Dr. Yvette Nonato is a Physical Medicine and Rehabilitation Specialist by training, with special interests in Traumatic Brain Injuries, Spinal Cord Injuries, Neurodevelopmental Disabilities. She served as a venue Sports Medicine physician in the 1990’s in a number of games. She was a medical exchange student under the Asian Medical Students Association (AMSA), and rotated in a number of big medical centers and rural hospitals in Northern and Southeast Asian countries. Her internship and residency trainings were completed in military hospitals. She was one of the few then-residents admitted into the International Spinal Cord Society (formerly IMSOP), a membership she keeps to date. Dr. Nonato has delivered lectures ranging from “Low Back Pain” to “Spinal Cord Injuries” for various specialty societies. She has also been a primary investigator for a number of Clinical Trials, notably a COX-2 inhibitor, and she fulfilled a course in Health Informatics at UC Davis. Currently, Dr. Nonato is affiliated with the Pesticide Illness Surveillance Program (PISP) of Cal-EPA’s Department of Pesticide Regulation.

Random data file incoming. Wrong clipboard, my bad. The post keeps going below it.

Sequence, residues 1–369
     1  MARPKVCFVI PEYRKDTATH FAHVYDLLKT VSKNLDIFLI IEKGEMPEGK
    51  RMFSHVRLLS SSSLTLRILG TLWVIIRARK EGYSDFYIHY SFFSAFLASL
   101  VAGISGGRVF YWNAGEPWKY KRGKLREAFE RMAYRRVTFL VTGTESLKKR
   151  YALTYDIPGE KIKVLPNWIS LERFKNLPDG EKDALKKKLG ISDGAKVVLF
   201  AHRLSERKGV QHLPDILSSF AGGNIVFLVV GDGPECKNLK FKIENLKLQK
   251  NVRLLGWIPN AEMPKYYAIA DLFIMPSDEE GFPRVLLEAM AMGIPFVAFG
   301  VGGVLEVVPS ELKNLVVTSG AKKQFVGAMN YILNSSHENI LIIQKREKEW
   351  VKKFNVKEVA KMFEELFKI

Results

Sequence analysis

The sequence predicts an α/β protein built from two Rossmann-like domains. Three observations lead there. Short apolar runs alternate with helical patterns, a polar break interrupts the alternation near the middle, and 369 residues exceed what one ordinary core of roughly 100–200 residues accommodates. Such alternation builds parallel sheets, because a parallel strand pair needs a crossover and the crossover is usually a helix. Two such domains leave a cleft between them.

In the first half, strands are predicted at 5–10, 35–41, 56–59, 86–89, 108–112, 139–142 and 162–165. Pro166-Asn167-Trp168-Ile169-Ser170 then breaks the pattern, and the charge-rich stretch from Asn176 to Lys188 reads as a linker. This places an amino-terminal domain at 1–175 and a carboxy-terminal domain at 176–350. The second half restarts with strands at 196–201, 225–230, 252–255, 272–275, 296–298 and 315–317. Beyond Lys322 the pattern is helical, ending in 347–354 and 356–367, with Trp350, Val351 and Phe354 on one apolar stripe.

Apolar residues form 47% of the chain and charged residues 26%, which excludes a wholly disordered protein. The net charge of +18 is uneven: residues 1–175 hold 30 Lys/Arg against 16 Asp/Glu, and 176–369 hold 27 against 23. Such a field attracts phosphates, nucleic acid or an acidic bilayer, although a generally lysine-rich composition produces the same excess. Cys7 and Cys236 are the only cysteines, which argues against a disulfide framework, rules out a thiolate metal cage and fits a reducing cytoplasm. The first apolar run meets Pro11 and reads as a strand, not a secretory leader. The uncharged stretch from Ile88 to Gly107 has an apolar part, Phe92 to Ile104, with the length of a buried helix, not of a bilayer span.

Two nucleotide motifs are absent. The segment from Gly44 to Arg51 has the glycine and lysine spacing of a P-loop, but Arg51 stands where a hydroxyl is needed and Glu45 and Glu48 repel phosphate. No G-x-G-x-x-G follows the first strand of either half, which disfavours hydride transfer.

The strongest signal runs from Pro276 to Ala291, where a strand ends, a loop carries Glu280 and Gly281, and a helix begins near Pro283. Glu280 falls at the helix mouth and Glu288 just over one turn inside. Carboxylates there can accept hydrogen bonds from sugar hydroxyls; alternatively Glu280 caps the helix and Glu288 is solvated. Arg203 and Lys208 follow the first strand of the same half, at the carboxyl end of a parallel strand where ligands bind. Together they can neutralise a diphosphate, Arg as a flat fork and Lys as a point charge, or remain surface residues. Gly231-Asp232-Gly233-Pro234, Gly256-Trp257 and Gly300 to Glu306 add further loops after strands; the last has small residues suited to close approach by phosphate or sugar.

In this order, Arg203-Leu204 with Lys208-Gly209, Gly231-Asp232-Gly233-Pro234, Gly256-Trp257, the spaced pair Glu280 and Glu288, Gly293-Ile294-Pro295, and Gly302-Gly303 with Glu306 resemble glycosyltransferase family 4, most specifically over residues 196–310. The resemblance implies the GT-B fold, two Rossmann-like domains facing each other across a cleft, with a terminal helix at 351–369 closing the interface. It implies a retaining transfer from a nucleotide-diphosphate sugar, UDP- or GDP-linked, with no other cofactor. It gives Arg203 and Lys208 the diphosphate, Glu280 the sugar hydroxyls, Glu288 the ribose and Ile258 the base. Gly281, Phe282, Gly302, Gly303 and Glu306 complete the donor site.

Topic: The OSHA Silica Standard – Fresh Challenges for Medical Surveillance

Speaker: Paul Papanek, MD, MPH, FACOEM

The new OSHA standards for occupational silica exposure are now being phased in, and are in effect from many workers with occupational silica exposure who required medical surveillance.  This webinar will describe the new surveillance requirements and will emphasize some novel challenges posed by the standard, including what to do if employees refuse certain parts of the exam, or decline to have further specialty evaluations as the standard mandates for workers with certain abnormal findings.  Many OEM physicians or other providers in WOEMA states may be called on to offer these surveillance exams.
Learning Objectives – After this webinar, participants will be able to:
  • Describe what types of workplace silica exposures trigger a requirement for medical surveillance exams
  • List the principal component of those exams
  • Articulate a strategy for how to communicate with employees and employers about the surveillance results and next steps.
Dr. Paul Papanek is a graduate of UCSD Medical School and took both his Family Medicine Residency and his MPH degree at UCLA.  He is Board Certified in Occupational Medicine and served as a Public Health Chief for LA County Health Department for 9 years, and as Chief of Occupational Medicine at the Kaiser Hospital in Los Angeles for about 15 years.  He is currently a Public Health Medical Officer with Cal/OSHA and has served on the WOEMA and ACOEM Boards.
For access to webinars prior to 2019, please contact the WOEMA office at [email protected] or (415) 764-4918.